Research limitations/implications

The paper argues that the unpleasant work culture experienced by employees at middle and lower levels closely mirrors the broader excesses and failings of banks and insurance firms during the recent financial crisis. Excessive risk-taking, short-termism, and inattention to detail are widely given as causes of the crisis. This paper argues that senior leadership failings are also manifest in short-sighted, undignified, and ethically unsound treatment of staff, leading to severe problems with staff morale.

Originality/value

The paper provides detailed qualitative data on the realities of working life in financial services before the recent financial crisis, and suggests ways for labour process theory to consider how restructuring is not only challenging for employees but can also be debilitating for the organisation itself.

Details

critical perspectives on international business, vol. 9 no. 4
Type: Research Article
ISSN: 1742-2043

Keywords

Abstract

Details

Reality Television: The Television Phenomenon That Changed the World
Type: Book
ISBN: 978-1-83909-021-9

Content available
Book part
Publication date: 14 July 2006

Abstract

Details

The Hidden History of 9-11-2001
Type: Book
ISBN: 978-1-84950-408-9

Article
Publication date: 12 July 2018

Brent Smith, Cindy B. Rippé and Alan J. Dubinsky

The purpose of this paper is to investigate how social loneliness, emotional loneliness and social isolation relate to Indian consumers’ enjoyment of social interaction with an…

Abstract

Purpose

The purpose of this paper is to investigate how social loneliness, emotional loneliness and social isolation relate to Indian consumers’ enjoyment of social interaction with an in-store salesperson.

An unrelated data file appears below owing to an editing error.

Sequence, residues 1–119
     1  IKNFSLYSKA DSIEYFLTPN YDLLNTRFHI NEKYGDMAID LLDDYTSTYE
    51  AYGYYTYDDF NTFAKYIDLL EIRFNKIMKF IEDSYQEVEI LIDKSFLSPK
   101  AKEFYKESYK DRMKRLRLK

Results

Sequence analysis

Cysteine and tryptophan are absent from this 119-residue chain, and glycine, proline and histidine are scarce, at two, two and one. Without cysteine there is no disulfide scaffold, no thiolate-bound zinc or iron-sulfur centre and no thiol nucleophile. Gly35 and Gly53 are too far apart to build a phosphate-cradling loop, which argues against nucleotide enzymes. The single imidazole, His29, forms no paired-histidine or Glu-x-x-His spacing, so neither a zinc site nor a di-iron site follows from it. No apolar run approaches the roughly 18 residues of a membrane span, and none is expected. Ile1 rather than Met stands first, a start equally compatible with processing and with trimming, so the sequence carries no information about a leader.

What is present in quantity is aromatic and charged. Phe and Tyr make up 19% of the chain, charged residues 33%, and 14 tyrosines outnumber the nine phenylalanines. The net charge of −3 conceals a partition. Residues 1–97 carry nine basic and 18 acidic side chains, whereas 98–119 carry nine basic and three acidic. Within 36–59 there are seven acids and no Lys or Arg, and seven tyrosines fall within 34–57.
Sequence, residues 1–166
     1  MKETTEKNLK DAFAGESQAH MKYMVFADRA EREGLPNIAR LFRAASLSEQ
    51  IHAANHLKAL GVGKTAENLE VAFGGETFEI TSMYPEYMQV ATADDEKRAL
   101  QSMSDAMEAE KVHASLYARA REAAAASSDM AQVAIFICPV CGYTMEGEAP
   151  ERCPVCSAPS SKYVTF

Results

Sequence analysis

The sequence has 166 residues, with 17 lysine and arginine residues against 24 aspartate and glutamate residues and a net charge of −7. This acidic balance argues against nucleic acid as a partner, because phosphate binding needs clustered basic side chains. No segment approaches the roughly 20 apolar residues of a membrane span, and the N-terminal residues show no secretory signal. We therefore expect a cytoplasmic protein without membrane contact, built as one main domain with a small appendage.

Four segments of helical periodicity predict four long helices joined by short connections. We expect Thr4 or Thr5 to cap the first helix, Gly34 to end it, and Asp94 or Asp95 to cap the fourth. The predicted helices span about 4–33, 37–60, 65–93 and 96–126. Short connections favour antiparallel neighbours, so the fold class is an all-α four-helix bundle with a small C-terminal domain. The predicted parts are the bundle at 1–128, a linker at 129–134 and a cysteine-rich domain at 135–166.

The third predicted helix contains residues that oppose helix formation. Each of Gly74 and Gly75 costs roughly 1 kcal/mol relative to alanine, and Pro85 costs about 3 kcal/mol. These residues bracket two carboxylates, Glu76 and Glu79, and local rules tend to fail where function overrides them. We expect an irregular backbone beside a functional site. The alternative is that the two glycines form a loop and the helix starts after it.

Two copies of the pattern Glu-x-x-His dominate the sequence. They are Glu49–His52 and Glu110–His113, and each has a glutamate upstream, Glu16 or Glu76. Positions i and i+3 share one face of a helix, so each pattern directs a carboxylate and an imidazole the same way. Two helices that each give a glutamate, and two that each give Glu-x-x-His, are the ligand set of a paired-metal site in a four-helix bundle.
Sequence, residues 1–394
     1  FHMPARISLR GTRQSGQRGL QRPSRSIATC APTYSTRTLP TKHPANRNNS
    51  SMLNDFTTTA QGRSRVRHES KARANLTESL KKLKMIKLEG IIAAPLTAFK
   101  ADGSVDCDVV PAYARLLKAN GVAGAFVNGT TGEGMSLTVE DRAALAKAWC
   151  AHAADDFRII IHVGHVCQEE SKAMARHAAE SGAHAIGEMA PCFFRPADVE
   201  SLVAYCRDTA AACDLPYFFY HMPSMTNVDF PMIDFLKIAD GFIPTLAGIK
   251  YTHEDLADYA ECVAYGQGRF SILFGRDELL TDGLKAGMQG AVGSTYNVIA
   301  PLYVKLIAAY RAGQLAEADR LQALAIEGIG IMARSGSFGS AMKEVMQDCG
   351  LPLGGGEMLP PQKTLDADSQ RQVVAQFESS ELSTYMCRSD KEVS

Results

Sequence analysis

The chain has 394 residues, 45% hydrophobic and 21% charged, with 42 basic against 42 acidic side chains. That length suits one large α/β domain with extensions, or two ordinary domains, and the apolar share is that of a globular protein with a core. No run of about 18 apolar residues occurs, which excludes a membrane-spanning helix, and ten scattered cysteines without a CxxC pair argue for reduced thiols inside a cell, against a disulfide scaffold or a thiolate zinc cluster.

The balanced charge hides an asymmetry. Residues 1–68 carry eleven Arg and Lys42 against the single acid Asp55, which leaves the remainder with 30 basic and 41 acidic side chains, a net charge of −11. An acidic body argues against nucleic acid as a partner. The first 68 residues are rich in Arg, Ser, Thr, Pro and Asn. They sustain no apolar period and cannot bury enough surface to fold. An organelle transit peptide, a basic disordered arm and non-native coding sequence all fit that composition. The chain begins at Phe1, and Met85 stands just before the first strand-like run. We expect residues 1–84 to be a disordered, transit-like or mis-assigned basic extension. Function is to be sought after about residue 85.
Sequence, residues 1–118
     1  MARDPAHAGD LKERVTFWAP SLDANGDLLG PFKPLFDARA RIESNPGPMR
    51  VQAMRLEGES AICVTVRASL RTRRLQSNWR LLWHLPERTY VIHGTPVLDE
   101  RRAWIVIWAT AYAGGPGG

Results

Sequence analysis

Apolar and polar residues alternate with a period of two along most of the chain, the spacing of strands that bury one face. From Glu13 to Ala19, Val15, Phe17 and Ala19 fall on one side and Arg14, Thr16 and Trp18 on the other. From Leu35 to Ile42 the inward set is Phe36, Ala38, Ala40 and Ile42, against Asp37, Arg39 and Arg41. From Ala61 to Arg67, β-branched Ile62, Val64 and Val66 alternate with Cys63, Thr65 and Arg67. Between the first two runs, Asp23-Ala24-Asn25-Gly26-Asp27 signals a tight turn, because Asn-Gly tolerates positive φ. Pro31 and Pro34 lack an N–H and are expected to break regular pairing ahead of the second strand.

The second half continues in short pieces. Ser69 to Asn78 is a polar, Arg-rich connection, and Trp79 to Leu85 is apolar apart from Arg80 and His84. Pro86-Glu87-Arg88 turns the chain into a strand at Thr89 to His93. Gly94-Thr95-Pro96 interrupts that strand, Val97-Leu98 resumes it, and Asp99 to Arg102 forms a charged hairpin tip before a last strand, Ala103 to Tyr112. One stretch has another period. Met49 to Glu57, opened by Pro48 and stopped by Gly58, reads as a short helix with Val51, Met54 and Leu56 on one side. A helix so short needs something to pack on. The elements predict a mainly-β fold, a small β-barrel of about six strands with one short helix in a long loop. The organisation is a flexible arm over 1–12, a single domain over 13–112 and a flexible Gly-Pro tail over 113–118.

Design/methodology/approach

Over 300 Indian respondents are surveyed about personal disposition, shopping experiences and other factors. The research model and hypotheses are evaluated utilizing partial least squares structural equation modeling.

Findings

As posited, Indian consumers dealing with loneliness and social isolation tend to enjoy in-store shopping experiences involving personal interactions with salespersons. Further, salespersons’ adaptive selling relates positively to consumers’ predisposition to comply with salesperson input and three outcomes (i.e. trust in salesperson, purchase intention and retail patronage).

Originality/value

This study fills a void in current marketing and retailing literature, providing one of the first known empirical investigations of consumers’ experiences with loneliness and social isolation. Overall, the study shows that store-based retailers within culturally collectivistic emerging markets can capitalize on their unique ability to attract and retain shoppers through in-store salesperson interactions.

Details

Marketing Intelligence & Planning, vol. 36 no. 7
Type: Research Article
ISSN: 0263-4503

Keywords